This New Adventures Production has leaped and landed in The Lowry, Salford, and is performing every day until Saturday 26th November.
Bourne takes inspiration from popular previous retellings of the original folktale, including the long-established ballet of Tchaikovsky and Petipa, the Brothers Grimm Little Briar Rose story from 1812 and of course, the 1959 Disney amination that, arguably, most audiences will be familiar with.
The celebrated score by Tchaikovsky is of course prominent throughout and is delightfully distinguishable, given that Disney incorporated elements of it within its own magical adaptation.
The story begins with a brief prologue, introducing us to King Benedict and Queen Eleanor and their desire to have a child.
In 1890, dark fairy Carabosse fulfils their wish but regrets the act when King Benedict lacks gratitude, so retaliates by casting the infamous curse upon the child, Aurora.
Later, however, Carabosse dies and the palace believes that the curse died with her. Twenty-one years later, in 1911, it is a day of celebration at the palace for Aurora’s coming of age.
It is in this wonderful garden party setting that we hear the recognisable Sleeping Beauty waltz, the tune of Disney’s ‘Once Upon a Dream’.
Here, we are introduced to Aurora’s childhood love, Leo, as well as many other suitors who are bidding for Aurora’s attention. Among these admirers, Caradoc slips in, the grieving son of Carabosse who is out to avenge his mother and ensure her curse is executed.
The capabilities of the dancers are astounding, brilliantly able to depict personality and character traits through their movements. There is no pointe in this ballet, a contemporary change from the traditional that allows the dancers more flexibility in their movement.
Aurora, portrayed by Ashley Shaw , is wonderfully elegant. From depicting a faceless character within her parent’s nightmares, to playing the role of rebellious young adult, as well as showing through ballet how her love for Leo (Andrew Monaghan) grows and blossoms, she is certainly adept for the star role of Aurora.
Carabosse and Caradoc (both Paris Fitzpatrick) have the intense pointed movements perfected.
While the dancer’s performance gives an insight into the nature of that character, costume, hair, and makeup further establish their roles.
Both Carabosse and Caradoc don long black and red garments and have black hair. Caradoc has overemphasised black sideburns which add a sharp, angular shape to his face, reflecting on his style of movement, which rounds the character off nicely.
The production incorporates a variety of performance aspects.
Infant Aurora is at first, a puppet of a child crawling across the floors of the palace and up the huge, overarching drapes. The mischievous puppet gets lots of laughs from the audience, though depending on your disposition, you may find the puppet to be a – dare I say it? – creepy distraction from the otherwise beautiful and personifying ballet taking place.
Set designer Lez Brotherston dresses a lovely garden party, with a grand weeping angel statue sitting towards the back of the stage, positioned in the forefront of the backdrop projection of the grand palace sitting atop a green, grassy hill.
The interior of the palace, specifically Aurora’s bedroom, is just as grand and lavish.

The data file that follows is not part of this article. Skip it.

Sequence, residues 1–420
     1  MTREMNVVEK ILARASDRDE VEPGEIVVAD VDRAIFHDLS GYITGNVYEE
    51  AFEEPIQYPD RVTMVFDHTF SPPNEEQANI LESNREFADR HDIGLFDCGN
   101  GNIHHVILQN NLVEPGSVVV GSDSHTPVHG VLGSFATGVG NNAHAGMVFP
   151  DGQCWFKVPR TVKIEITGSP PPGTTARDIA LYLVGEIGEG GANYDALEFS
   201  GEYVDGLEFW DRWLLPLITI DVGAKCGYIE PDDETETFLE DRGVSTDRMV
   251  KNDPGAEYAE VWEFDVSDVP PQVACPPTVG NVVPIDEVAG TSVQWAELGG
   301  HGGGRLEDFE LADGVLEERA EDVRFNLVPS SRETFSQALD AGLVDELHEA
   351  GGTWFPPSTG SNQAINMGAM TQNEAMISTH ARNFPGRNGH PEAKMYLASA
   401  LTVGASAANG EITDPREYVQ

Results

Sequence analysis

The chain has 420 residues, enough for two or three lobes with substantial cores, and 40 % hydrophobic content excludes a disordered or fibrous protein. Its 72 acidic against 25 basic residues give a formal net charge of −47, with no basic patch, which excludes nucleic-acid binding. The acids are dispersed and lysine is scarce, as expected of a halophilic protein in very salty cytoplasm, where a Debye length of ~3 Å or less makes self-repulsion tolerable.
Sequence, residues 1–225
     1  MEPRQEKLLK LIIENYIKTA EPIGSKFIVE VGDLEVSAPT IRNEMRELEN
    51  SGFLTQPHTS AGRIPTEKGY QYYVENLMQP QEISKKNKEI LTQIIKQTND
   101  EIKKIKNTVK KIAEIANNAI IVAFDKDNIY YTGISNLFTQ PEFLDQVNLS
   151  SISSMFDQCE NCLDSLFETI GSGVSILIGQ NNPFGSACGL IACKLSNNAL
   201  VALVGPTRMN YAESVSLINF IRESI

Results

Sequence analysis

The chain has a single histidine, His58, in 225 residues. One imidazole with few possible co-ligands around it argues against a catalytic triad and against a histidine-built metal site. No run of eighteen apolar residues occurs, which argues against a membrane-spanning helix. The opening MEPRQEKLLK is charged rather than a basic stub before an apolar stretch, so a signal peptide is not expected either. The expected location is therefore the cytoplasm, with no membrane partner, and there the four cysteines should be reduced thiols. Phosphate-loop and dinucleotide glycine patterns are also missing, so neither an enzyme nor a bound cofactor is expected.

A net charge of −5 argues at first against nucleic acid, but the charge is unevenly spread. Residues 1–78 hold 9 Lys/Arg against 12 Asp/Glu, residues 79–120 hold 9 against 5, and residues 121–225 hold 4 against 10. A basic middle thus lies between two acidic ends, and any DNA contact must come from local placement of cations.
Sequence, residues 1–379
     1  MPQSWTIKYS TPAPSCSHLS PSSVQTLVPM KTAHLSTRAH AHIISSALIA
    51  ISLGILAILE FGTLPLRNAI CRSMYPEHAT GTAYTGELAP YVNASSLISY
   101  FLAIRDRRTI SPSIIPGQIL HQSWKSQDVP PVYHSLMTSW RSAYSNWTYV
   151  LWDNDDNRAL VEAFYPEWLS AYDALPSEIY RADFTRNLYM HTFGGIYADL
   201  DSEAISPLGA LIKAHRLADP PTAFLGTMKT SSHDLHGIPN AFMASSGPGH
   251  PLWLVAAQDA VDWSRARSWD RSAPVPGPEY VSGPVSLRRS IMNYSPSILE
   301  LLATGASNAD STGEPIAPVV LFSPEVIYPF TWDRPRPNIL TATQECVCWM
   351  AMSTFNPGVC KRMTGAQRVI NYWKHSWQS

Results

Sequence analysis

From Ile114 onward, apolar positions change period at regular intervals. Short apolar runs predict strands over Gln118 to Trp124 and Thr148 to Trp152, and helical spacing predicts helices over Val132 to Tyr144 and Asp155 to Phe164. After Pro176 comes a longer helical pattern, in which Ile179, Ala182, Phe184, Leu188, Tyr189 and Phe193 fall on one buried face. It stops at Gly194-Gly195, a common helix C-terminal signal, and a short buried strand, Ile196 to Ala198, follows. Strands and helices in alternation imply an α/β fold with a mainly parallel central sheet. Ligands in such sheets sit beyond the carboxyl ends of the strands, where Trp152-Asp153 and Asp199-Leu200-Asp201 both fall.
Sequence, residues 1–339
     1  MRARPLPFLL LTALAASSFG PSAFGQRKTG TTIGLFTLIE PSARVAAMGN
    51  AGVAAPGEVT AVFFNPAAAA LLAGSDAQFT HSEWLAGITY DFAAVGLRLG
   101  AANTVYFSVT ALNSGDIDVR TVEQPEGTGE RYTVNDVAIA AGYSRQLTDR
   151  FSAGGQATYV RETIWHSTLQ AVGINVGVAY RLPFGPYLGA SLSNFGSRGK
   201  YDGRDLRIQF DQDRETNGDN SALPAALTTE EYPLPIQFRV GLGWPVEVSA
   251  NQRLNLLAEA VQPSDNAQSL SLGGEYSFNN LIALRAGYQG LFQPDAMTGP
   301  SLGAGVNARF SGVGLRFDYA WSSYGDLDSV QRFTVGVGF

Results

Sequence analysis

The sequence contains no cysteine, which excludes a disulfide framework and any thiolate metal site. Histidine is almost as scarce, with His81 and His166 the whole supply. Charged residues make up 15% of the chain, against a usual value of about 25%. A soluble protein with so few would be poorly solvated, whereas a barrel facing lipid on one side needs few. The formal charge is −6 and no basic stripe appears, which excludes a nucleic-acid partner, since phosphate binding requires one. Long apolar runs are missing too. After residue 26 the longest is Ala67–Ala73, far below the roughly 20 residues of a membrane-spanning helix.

Windows that sit on the floor and scrape the ceiling allow for the immense, majestic moon to be clearly visible from the outside looking in, which equally provides a perfect backdrop and shadow silhouettes of each vampiric fairy that enters through Aurora’s window while she sleeps.
A unique feature of this set is that it has two treadmill/travelators that run across the back of the stage, each one running a different direction, either left or right.
Though not necessarily visible to the audience, we know it is there as we observe the dancers glide across the stage while holding their positions. At few various points, the opaque stage curtain comes down the front of the stage and a storybook themed projection illuminates it with brief images of text, pleasantly giving the audience further context, whether it is a description of what has occurred, or explaining the change in time.
Overall, Sleeping Beauty is a lovely show.
The combination of the established Tchaikovsky score and contemporary retelling is quirky, and definitely unlike anything you’ve ever seen before.
Though, one might argue that the attempt at being too modern is unjustified. After the one-hundred-year sleep, Aurora awakes in 2011, which represented by the modern-day costumes of jeans and hoodies, which could have been more effective if it was more consistent (only five people of the entire cast and ensemble have this change of costume style).
The time jumps then from 2011 to ‘yesterday’, the day of Aurora’s wedding, however too much occurs ‘yesterday’ for it to be sensical, which then does not allow for a cohesive narrative.
This being said, Matthew Bourne’s Sleeping Beauty is an award-winning ballet; three-time winner of the Los Angeles Drama Critic Awards, and winner of the Ovation Award for Best Production.
Sleeping Beauty is on at The Lowry until Saturday 26th November, with the matinees taking place on Thursday 24th, and on Saturday 26th, the latter of which is an accessible showing. A touch tour will take place at 1pm, followed by the audio described performance by Caroline Burn at 2pm.
Tickets start at £17 for the weeknight performances, and Friday and Saturday showings begin at £20. Tickets and information on how to book accessible performances can be found here.
The performance is divided into two acts, the first lasting about sixty minutes, the second about fifty, and they are divided up with a twenty-minute interval. Please note, children under five years of age are not permitted, and some scenes may be unsuitable for a very young audience.